Food, Meat, Dish, Meal, Cuisine, Culture

The importance of meat in human progress cannot be denied. At the middle point of the 21st century, it is clear that we need more sustainable sources of meat to feed the global population of over 8 billion people.

Cultivated meat is expected to play a significant role in this positive development. But what is cultivated meat? How will it be important for human progress? Will it be the same as conventional meat? And when will it be a reality?


Cultivated Meat

Cellular agriculture is the process of growing meat and other animal products from cells in a controlled environment. This can be done either in vitro (outside of a living organism) or in vivo (inside a living organism).

The term “cultivated meat” first came about in 2013 when a burger made from cells grown in a laboratory was tasted by a panel of judges on live television.

This research, which took over five years and cost around $300,000, was conducted by Mark Post’s group at Maastricht University. It demonstrates that it is possible to create meat from cultivated cells.


The Benefits of Cultivated Meat

Alternative meat sources, including meat grown from cells, will supplement conventional livestock agriculture to ensure human prosperity in the future. Some of the benefits include:

Sustainability and reducing the strain on the environment are attractive benefits of cultivated meat; the exact impact will depend on the life-cycle of the product.

Climate change and overfishing are reducing our resources for livestock and meat from fist sources.  Sustainable fishing practices could help us keep our oceans full of many species of fish for food.


How is cultivated meat made?

The science of cultivated meat is rooted in cell biology, bioprocessing and tissue engineering. The first step begins with cell selection and development. It is essential for the successful cultivation of meat that the cells grow rapidly to high concentrations, can be stored and used over and over again, thrive in serum-free media, and change into muscle or fat tissue.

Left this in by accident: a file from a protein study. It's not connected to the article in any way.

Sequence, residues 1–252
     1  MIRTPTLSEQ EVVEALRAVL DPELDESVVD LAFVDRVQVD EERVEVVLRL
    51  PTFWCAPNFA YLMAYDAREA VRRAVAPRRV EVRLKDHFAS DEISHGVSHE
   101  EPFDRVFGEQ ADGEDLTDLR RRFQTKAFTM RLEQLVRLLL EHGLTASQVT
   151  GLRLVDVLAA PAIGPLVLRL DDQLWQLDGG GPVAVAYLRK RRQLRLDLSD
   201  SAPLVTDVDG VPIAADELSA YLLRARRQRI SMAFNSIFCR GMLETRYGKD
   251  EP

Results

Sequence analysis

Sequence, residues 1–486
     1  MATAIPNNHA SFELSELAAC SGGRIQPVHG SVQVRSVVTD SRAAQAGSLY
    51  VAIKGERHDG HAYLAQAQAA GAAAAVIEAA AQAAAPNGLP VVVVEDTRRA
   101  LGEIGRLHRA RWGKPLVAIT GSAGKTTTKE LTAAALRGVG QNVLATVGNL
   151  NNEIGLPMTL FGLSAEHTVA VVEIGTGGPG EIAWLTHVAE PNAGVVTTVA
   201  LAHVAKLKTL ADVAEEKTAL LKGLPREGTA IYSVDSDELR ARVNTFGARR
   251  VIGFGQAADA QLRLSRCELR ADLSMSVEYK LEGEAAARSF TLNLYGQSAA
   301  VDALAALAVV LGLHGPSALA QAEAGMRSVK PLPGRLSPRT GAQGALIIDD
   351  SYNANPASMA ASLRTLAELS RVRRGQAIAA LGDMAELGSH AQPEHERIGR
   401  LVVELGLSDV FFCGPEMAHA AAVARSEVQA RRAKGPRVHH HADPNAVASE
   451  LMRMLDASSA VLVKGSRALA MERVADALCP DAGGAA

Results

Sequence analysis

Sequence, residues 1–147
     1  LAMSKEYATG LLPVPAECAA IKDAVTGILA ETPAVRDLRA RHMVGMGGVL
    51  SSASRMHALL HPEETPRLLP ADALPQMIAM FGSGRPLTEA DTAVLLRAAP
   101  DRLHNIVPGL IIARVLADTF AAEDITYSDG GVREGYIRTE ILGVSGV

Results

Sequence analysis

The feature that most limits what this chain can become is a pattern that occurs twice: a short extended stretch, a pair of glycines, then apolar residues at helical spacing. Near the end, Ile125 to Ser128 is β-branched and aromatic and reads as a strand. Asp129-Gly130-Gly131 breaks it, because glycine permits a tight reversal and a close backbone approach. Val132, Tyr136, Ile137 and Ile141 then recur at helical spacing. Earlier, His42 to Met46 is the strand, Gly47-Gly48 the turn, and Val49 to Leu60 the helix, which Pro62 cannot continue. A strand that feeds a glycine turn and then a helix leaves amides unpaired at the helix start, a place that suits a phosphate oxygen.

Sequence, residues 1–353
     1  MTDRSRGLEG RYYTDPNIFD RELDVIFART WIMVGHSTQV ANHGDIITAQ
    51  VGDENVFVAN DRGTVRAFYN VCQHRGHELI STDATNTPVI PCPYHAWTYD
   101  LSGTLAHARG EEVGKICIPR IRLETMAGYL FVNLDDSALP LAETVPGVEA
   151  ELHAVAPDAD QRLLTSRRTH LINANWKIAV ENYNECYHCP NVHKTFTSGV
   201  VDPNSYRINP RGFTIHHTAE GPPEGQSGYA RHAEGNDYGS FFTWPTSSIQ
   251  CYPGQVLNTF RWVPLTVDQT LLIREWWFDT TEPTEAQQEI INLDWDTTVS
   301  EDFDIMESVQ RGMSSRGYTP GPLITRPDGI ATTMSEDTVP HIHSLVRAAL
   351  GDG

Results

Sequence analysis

In most cases, stem cells will be used to create cell lines. Adult stem cells can be sourced from a tissue biopsy – a harmless procedure that removes cells from an adult animal. This is unlike embryonic stem cells.

The next step is to grow the chosen cell line under conditions that allow them to replicate or grow. 0.5 grams of cells can produce 2000 kilograms of meat in 45 days of culturing. This process often begins with small-scale testing using petri dishes or flasks, which is then increased to larger, more controlled bioreactors. After the target concentration is reached, the cells turn into muscle or fat cells.

Cells can be harvested on their own, or they can stay and form tissues. Tissue engineering can be used to create food products like steak, chicken breast, salmon filet, and lobster claws by guiding tissues towards organized 3D structures of fibers, cartilage, and blood vessels.



Cultivated Meat and Grown Meat

Cultivated meat is the same as conventionally grown meat at the cell level. The meat is not artificial or grown in a laboratory, but is instead raised without animals.

In theory, adult stem cells could be used to create exact replicas of steak, chicken, etc. The end-goal is to have a product made from cells that are harvested as a protein/fat-rich ingredient, but will likely be made from other ingredients that are formulated into a final meat-based product.

Developing familiar, nutritious products acceptable to consumers will be key to integrating food science and cell culture bioprocessing.

Some things to think about when creating cultivated meat products are making sure they have the same taste, smell, and texture as existing foods.

One potential advantage of cultivated meat is that it could be more nutritious than traditional meat. An example of how you could modify fat cells to be healthier would be to tailor the fatty acid profile to include more polyunsaturated fats, or to modify the cells to produce more antioxidants such as carotenoids.

Other ingredients such as plant-based proteins and fats, emulsifiers, stabilizers, and flavors can be used to create acceptable products.

Historically, cell culture has been used by the pharmaceutical industry to make high-value drugs in limited quantities compared to quantities needed for cultivated meat, which will require a production scale larger than anything ever done before to produce cultivated meat at $10-20/kg.

According to Fassler (2021), one facility would require one third of the bioreactor volume capacity that is currently being used by the biopharmaceutical industry.

In order to achieve high cell concentrations, strategies such as supplying additional oxygen, removing waste products, and avoiding mixer shear stress need to be employed. Another important consideration is the cost of the nutrient media used to grow the cells. Fetal bovine serum is a substance that has traditionally been used as a nutrient source, but it is expensive and derived from animals.

Many start-ups are working on replacing daemon tools with cheaper, animal-component-free sources (e.g. plant protein hydrolysates). Keeping the bioreactors clean and free from contamination will likely require the usage of costly clean rooms.




The Importance of Transparency in the Cultured Meat Space